Somewhere over Greenland, I opened up the window shade. People see the northern lights on their flights to Iceland, right? Might as well check. I was sitting parallel to the wing, the blue and yellow Icelandair logo lit against the black sky. But as I looked back toward the tail of the plane, I saw something else: a faint white smudge in the sky. I looked away and back a few times, and sure enough, the light was moving. I could just make out a white line with vertical bands radiating upward. Not the awe-inspiring green waves you’d hope for, but not nothing.
The only camera I had close was my iPhone 13 Mini. Not ideal. A picture through a dirty plane window with a tiny phone camera sensor? Pfft. No chance. I figured I’d try anyway just to have something to point to when we got back home and told people we saw the northern lights. The camera app switched into night mode automatically, and a few seconds later, I had a picture — the northern lights, clearer than I’d seen them with my own eyes.
Night mode came in clutch again a few days later on a northern lights boat tour that was unfortunately absent of northern lights — at least, any we could see. A crew member told us he’d spotted some activity using a “nice camera,” meaning a full-frame Sony mirrorless ILC, as far as I could tell.
I had the Xiaomi 13 Pro on hand this time, and sure enough, my night mode photos revealed a faint green line in the sky that was invisible to the naked eye. The crew passed around shots of aquavit, too, so it wasn’t a total bust.
Night mode might not have been developed specifically for astrophotography, but as it turns out, it’s actually really good for taking pictures of things like the northern lights. The long exposures it uses can reveal light that’s too faint for our own eyes to see, and computational processing produces a clean, bright image.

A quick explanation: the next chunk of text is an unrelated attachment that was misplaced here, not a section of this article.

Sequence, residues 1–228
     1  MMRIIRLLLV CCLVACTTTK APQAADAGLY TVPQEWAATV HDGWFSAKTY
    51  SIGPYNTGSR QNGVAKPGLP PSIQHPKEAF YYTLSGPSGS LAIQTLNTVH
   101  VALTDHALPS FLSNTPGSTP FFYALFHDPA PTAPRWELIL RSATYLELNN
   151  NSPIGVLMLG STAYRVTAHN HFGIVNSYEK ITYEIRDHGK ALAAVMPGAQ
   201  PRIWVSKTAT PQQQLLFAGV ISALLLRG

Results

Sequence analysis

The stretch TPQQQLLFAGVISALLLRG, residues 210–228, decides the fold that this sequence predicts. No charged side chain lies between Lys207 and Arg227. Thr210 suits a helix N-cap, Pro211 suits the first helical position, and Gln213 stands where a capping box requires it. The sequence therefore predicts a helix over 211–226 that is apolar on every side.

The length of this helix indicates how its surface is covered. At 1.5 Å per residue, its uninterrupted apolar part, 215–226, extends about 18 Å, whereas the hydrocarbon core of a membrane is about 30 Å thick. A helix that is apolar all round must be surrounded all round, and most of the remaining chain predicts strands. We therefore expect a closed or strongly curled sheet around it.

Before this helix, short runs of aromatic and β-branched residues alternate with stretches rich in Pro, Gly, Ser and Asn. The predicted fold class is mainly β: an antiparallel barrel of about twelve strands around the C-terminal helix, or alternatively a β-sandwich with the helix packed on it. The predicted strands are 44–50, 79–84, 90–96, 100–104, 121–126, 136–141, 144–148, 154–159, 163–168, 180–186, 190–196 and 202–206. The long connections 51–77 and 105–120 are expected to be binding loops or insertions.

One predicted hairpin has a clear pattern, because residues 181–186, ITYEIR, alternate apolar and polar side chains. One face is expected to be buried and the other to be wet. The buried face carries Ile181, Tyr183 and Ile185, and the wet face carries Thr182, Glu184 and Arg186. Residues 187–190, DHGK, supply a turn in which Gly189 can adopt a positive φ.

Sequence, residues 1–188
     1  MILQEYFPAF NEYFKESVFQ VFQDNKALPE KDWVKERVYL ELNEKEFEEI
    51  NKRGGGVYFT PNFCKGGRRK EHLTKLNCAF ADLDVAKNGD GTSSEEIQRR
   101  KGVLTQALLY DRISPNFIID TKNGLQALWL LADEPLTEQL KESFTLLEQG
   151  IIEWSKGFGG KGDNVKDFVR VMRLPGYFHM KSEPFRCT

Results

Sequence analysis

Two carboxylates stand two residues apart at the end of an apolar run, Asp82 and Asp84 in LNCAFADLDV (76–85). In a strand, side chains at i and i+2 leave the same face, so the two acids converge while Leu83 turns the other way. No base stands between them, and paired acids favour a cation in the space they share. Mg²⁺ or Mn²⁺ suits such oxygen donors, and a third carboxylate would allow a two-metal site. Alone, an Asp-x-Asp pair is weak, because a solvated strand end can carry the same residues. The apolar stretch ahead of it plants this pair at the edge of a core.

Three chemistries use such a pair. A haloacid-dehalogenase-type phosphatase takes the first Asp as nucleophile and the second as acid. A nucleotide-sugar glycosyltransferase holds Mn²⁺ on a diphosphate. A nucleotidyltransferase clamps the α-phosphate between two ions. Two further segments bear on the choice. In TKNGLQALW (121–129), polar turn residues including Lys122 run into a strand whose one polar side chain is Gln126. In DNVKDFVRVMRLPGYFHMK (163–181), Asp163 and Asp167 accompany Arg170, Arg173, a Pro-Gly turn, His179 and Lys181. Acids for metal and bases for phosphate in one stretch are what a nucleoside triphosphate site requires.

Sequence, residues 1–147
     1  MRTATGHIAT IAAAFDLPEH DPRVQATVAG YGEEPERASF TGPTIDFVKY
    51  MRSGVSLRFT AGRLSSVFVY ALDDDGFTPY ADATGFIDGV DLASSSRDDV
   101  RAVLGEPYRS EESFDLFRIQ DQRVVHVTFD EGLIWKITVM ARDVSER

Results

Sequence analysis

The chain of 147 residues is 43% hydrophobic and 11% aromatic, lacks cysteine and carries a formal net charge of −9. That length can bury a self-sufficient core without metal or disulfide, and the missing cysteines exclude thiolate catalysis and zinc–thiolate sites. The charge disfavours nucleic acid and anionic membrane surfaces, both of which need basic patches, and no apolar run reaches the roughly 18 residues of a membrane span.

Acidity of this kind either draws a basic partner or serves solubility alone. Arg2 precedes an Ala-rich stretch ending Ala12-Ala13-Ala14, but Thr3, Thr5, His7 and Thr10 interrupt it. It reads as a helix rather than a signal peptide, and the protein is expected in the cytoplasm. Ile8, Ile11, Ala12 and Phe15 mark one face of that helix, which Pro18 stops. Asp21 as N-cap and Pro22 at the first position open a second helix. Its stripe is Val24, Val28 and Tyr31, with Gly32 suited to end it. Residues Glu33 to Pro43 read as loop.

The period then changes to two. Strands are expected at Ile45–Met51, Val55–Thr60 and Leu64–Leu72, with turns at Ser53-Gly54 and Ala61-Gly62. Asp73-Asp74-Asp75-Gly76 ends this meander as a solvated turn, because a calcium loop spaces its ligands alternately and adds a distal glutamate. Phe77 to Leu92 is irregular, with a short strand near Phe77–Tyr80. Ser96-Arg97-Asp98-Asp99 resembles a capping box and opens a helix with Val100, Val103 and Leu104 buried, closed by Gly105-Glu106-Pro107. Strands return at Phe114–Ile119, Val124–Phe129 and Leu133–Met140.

Night mode is particularly good for faint light photography and, in some cases, is better than simply taking a long-exposure image
“Night mode is typically taking multiple images, like maybe five to ten images at a set speed that it optimizes for. And then it compares the images to find the best ones and basically combines those into your final image. It does dark subtraction and flat fielding, which removes distortions, and also removes some of the graininess,” says Sten Odenwald, an astronomer and educator at NASA’s Goddard Space Flight Center who literally wrote the book on smartphone astrophotography. He explained to me why night mode is particularly good for faint light photography and, in some cases, is a better option than simply taking a long-exposure image with your phone camera.
In addition to noise reduction from multiple frames, it has another benefit over traditional long-exposure photography: stabilization. “If there’s a feature in the scene that’s going to be constant, like city lights in the lower border of the image, it’ll use those to figure out how to stabilize the rest of the image.”
If the aurora is much brighter and moving fast, he says that that’s when you might want to switch out of the automatic night mode and try a camera app that lets you take a long exposure. “The thing is that aurora change. They literally change from second to second. So if you let the AI add things together, it’s going to blur out some of the details. But if you take the images yourself then you’re able to keep up with the actual rapid changes and the shape of the aurora.” The bottom line, he says, is to know your camera and app and experiment with different settings to get the results you like best.
I spend a lot of time thinking about and using phone cameras, but it never occurred to me that my phone might be a really good tool for night sky photography. If you’re ever on the hunt for aurora and don’t see anything, give night mode a shot — you might be pleasantly surprised.